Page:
“I've never seen in baseball and in the short 20 years that I've spent in the game. I've never experienced that before when I tell you that it's empowering to be able to discuss things and talk about things and be vulnerable amongst your teammates and your fellow coaches and your staff members. And to tell people how you really feel about things that are important to you. That is very, very empowering and it feels late.”


“But there is no better time than now to do it. I think I'm very proud of the way our guys have handled it.. All these discussions. I'm very proud of the way guys have stepped up and probably breathed in a way that they've never really felt before, where they're able to say these things. I think it's been a very welcome and beautiful thing that came from something so tragic.”


Arguably the most important job of a manager - a baseball manager, a store manager, any leader - is to encourage communication and support and empower those you work with. It can be a good thing to put yourself out there. It can be a good thing to feel comfortable enough to discuss topics that are uncomfortable. And in doing so, be able to more easily discuss the issues that arise from playing a game, like baseball.

Usually when someone says "these are challenging times" they are saying "challenges are being presented to us which we must overcome." That is certainly true now. But there can be another meaning, perhaps better understood if one adds a “The” and capital letters: These are The Challenging Times, the times in which we challenge ourselves, whether it be our beliefs, our biases, our relationships and even our history.


As both a manager and a role model, Baldelli is in a position where he must handle both meanings, navigating a shortened season amid a pandemic while reaching out to players who are challenging themselves and their teammates with new visions of the world. For all of the impressive credentials and accolades on Rocco Baldelli’s resume, we may now be seeing his most important attribute as a manager.


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good article Seth,


"Arguably the most important job of a manager - a baseball manager, a store manager, any leader - is to encourage communication and support and empower those you work with"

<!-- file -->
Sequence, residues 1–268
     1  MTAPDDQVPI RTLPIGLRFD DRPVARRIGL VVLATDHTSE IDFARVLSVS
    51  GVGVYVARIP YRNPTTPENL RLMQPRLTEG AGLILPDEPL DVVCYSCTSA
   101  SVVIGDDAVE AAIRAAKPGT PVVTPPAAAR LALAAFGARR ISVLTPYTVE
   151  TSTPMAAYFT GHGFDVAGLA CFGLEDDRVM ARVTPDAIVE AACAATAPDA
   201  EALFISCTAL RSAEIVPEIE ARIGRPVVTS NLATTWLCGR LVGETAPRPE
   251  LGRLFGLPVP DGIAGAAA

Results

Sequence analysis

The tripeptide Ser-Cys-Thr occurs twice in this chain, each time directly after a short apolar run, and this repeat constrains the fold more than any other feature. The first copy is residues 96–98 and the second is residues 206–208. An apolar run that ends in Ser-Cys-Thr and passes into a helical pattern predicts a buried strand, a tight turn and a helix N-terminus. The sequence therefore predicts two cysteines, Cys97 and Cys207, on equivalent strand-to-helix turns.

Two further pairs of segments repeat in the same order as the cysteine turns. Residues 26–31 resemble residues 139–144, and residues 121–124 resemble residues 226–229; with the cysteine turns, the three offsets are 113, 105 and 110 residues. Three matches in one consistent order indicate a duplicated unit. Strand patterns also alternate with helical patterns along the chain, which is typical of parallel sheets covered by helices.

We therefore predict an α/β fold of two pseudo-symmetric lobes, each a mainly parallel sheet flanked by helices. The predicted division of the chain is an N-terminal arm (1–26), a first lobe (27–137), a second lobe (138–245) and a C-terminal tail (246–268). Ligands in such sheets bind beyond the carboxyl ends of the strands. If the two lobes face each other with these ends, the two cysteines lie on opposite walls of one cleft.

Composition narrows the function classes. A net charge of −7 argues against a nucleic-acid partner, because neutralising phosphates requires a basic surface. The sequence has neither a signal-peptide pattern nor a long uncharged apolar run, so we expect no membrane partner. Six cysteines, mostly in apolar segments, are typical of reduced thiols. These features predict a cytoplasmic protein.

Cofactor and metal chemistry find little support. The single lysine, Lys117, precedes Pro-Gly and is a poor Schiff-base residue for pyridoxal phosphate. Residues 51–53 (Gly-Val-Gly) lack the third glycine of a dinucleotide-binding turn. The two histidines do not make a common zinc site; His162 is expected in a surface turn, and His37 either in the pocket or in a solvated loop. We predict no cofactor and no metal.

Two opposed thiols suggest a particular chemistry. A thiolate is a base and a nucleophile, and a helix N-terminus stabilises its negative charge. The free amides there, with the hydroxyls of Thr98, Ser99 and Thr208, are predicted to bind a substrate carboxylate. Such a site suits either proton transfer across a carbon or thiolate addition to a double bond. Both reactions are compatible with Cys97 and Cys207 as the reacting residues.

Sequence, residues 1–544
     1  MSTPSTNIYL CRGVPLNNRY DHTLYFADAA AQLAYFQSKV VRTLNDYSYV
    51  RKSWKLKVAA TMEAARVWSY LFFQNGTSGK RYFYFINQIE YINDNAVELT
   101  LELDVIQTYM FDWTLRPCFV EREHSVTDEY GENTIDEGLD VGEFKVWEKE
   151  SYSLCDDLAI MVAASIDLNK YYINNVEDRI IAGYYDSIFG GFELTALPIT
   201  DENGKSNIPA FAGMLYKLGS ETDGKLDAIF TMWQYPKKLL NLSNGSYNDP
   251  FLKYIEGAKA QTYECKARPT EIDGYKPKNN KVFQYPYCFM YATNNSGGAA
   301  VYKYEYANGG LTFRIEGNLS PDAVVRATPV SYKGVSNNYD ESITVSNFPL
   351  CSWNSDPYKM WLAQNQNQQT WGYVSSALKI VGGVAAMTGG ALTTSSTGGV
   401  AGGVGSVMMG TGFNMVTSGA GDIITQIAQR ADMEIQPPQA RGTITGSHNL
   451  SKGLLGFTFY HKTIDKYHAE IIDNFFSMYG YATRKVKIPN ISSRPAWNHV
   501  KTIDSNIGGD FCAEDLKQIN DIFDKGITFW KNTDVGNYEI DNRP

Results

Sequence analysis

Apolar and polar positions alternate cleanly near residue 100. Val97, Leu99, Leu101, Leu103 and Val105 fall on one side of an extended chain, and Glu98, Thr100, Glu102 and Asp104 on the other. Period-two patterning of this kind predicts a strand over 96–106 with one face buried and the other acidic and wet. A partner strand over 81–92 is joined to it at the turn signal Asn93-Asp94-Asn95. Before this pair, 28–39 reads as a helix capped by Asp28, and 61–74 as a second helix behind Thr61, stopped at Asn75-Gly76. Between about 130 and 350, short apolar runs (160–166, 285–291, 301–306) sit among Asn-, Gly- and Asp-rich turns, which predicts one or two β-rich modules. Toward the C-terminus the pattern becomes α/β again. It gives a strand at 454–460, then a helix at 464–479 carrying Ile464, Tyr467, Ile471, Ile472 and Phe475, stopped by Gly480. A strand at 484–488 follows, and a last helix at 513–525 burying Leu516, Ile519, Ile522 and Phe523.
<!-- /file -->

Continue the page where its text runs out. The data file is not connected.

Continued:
I would argue that the most important job of a Manger is winning and the things you wrote are tools to help you succeed in winning. Nobody cares about that stuff if you are consistently 70 -90.


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I wonder what the player response is to hearing of the millions of workers who cannot "opt out" of their work because they can't afford not to. Obviously I understand people's freedom and the virus is a scary thing. But the average working American could really use the moral boost that baseball provides. 

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really, really great article, Seth!


Each and every moment forward, I am just so much more impressed with Baldelli.




We often hear about head coaches and managers being "players coaches." But I think sometimes that description CAN mean a negative. While their level of success varies, all coaches and managers were players at some point. The "negative" perspective of being a "players coach" is you are soft, or coddle players too much. Or, in some cases, you cater to the STAR players.


But the positive side of such a coach/manager is he just GETS IT. Rocco was a top prospect, and for a short time, he was an elite player. While I'm sure he has always been a hard worker and smart guy, he then went out and re-invented himself as a coach and now manager. He can embrace analytics while also having the experience to relate to his players, having been one, and a good one, not that long ago.


He seems to demand the right stuff from his players. He also understands...as part of the new direction of the FO and system...that players are individuals and not cookie cutter plug and play pieces.


Yes, he had the basis of a great team and roster for his rookie season. But he and his staff did a great job of maximizing and utililizing the talent on hand. Despite a questionable bullpen early in 2019, he made the best of it. When thjngs changed, he and his staff continued to get the best out of who arrived. Injuries happened, but depth and smart usage still maximized.


We shouldn't discount the FO, who appears to work in harmony with Rocco and his staff and for the moves they made. It's one thing to have talent, to bring in talent, and another thing to make it work together.


And then we read and learn more and more about our skipper from articles like this and I become even more impressed. Just like a player, how much better can he and his staff be once they gain even more experience and really figure stuff out?